Step Out on Nothing is the First Year Experience Book at Washington Adventist University

Washington Adventist University selected Byron Pitts’ Step Out on Nothing: How Faith and Family Helped Me Conquer Life’s Challenges for the First Year Experience Summer Reading Assignment this year.  Incoming WAU students read the book over the summer; their first college course assignment, four short essay responses to questions about the book, was due on their first day of class.

The Summer Reading Assignment at WAU emphasizes reading and writing skills and the important connection between the two.

Step Out on Nothing was selected, in part, to encourage students to emulate the author’s discipline and determination in the face of life’s challenges.  As they embark on their college journeys, students “will be faced with all kinds of challenges,” writes FYE Director, Sophia Ward.  “Learning how to conquer these situations will be a key component of your success.”

As they read the book, students were asked to consider how they could apply Mr. Pitts’ approach to success to their own lives.

As you begin to identify hurdles you, your family members, maybe even your friends have encountered, ask yourself: How did I deal with these difficulties? What lessons have I learned from those experiences that can help me rise above any challenges I may face while at WAU? What tools will I need to be successful in college? What is my plan? Keep asking these questions, and as you begin to form answers, recognize that even this process is part of your college journey.

Why this particular book?: Washington Adventist University FYE Summer Reading Assignment

For the first writing assignment, WAU provided nine short essay questions and asked students to answer four of them.  Click here to view the questions.  The assignment was not simply to answer the questions; it called specifically for first-years to give thought to the ideas and do their best work in order to make a positive first impression as WAU students.

Step Out on Nothing • St. Martin’s Press • 304 pages

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A Long Way Gone is the 2010 Common Text at Wright State University

Wright State University’s 2010 Common Text is A Long Way Gone: Memoirs of a Boy Soldier.  The university is giving a copy of the book to each member of the class of 2014 at Orientation sessions throughout the summer. The Common Text program was established:

—To expose students to WSU’s academic atmosphere from the time they arrive on campus for Orientation
—To provide a common academic experience for all first-year students by giving them the opportunity to engage with peers in intellectual discussions both inside and outside the classroom.
—To communicate the expectation that students will begin to read actively and critically, make judgments about the validity of what they read and be able to discuss challenging, sometimes conflicting, ideas.

Author Ishmael Beah will speak at Freshman Convocation, held when students arrive on campus in September. Beah’s address will kick off this year’s Presidential Lecture Series, which aims “to advance human justice and promote the university’s commitment to creating a diverse university community and learning environment.”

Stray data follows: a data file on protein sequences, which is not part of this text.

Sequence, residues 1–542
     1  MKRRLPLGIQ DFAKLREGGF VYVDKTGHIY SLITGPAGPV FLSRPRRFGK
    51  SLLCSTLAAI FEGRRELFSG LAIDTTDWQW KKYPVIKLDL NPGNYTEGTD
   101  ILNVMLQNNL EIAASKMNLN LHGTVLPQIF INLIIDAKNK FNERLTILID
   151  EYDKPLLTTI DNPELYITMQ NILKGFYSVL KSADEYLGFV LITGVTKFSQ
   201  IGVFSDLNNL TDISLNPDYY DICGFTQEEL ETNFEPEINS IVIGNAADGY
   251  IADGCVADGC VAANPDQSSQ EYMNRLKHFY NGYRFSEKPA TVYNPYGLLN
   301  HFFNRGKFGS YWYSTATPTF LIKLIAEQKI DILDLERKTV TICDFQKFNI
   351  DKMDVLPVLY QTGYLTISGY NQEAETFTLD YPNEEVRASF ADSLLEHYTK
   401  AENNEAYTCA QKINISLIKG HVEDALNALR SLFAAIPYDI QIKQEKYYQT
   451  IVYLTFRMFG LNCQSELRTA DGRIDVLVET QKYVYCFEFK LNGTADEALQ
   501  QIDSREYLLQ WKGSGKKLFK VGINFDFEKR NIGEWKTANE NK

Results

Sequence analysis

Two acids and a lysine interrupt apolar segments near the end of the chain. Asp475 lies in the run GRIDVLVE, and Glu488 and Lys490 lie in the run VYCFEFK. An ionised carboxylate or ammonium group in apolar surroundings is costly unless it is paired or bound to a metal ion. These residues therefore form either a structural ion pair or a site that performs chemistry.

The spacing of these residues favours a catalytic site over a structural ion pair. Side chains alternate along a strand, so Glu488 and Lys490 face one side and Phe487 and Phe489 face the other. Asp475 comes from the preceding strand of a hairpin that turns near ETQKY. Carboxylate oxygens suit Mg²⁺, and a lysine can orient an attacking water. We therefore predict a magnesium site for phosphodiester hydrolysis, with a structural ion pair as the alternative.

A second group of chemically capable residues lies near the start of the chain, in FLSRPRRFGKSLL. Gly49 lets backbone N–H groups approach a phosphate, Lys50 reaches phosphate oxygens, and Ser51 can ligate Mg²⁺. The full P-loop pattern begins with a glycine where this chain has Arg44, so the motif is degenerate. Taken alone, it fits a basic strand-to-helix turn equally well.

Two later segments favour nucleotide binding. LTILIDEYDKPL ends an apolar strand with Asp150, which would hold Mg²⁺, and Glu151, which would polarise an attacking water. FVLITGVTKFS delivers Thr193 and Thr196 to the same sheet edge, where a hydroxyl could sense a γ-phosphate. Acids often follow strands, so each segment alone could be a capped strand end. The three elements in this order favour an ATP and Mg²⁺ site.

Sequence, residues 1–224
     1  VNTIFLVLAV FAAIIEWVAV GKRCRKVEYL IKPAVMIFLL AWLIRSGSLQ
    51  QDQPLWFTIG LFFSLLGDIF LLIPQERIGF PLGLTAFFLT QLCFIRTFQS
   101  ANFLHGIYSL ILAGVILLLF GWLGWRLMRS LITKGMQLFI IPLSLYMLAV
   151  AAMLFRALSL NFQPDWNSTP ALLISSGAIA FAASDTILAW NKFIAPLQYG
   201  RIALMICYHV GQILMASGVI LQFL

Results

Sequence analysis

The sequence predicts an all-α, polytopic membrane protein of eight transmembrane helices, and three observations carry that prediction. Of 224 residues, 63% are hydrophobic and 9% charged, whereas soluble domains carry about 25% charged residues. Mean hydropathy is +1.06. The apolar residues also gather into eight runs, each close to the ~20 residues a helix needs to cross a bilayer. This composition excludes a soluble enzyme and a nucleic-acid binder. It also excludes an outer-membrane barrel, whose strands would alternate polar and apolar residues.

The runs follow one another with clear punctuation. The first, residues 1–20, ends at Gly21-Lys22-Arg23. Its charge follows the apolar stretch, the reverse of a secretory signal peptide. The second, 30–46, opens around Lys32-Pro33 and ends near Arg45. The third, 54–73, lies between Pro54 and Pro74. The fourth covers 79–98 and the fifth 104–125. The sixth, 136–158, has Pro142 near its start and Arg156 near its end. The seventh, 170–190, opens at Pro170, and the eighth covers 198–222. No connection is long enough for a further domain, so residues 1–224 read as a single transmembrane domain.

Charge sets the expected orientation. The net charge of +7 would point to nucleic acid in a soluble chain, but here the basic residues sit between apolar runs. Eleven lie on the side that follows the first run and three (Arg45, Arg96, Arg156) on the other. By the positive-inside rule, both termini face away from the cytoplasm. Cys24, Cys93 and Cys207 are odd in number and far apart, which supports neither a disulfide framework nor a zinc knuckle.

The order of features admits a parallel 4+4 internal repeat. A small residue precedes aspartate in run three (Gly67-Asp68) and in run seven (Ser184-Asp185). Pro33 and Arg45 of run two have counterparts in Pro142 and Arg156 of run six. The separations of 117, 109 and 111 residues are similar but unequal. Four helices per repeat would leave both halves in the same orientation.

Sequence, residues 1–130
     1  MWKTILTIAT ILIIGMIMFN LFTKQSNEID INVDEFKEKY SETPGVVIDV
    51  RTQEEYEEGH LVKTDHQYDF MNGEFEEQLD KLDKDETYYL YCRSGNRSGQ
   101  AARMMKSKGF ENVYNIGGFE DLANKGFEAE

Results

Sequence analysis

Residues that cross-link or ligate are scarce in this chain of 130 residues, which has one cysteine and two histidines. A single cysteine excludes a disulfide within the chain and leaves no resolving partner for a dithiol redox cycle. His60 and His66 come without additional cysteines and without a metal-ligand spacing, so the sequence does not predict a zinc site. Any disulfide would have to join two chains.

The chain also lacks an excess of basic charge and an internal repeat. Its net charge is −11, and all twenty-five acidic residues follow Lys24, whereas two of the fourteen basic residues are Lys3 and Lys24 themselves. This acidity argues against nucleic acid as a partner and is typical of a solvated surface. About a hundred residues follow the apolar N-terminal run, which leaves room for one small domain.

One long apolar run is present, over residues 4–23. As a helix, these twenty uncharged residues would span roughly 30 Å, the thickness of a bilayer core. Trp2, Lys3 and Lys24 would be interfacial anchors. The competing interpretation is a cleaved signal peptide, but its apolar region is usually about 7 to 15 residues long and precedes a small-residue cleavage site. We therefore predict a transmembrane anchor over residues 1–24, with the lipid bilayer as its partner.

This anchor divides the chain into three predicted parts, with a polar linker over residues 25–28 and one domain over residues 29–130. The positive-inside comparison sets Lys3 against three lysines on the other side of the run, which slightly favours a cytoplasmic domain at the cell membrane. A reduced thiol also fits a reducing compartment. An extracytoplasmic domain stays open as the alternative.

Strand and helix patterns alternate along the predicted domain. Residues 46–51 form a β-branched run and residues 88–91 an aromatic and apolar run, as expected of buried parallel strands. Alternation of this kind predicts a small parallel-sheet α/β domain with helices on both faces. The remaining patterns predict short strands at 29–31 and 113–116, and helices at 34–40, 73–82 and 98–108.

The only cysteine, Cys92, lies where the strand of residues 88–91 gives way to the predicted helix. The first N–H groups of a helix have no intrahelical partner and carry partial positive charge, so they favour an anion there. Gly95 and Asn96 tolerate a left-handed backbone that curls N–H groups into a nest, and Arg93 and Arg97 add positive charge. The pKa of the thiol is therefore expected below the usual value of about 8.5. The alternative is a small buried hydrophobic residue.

This year, the university has established a Common Text Essay Contest and invited first-year students to select and write on a theme and passage from the book.  The winner will be announced during the Freshman Convocation ceremony.

Later in the fall, Wright State University will host a Campus Big Read event—read-a-thon style!  Beginning at 8:30am on Wednesday, November 3, students, campus officials, and local celebrities will read passages from A Long Way Gone for 10-15 minutes before handing the book off to the next reader.  It’s an opportunity to unite the campus community while raising awareness for the plight of child soldiers.

A Long Way Gone will be central to many First-Year Seminars this year, as well as courses in WSU’s Learning Community program, which links General Education courses with specific seminars or fields of study.  Students who share similar interests or majors take at least two classes together, which affords a network of new friends and study partners while they make the transition to college life.

Previous Common Text selections at Wright State University include An Inconvenient Truth: The Planetary Emergency of Global Warming and What We Can Do About It and Nickel and Dimed: On (Not) Getting By in AmericaClick here to see a list of other colleges and universities that have adopted Macmillan’s Popular Picks for common reading programs!

A Long Way Gone • Sarah Crichton Books • 240 pages

Addendum:

Ishmael Beah and his editor, Sarah Crichton, spoke recently about where he’s been and what he’s been doing since his memoir was published in 2007.

Crichton: I find it tremendously moving how the book keeps finding a larger and larger audience. So many high-school and college students read it.

Beah: Yes, more and more schools keep assigning it, and I keep meeting teachers who say, “This is the first time this kid has ever finished reading a book.” It is beyond my own comprehension. The book has a life of its own.

Read the complete interview at Work in Progress.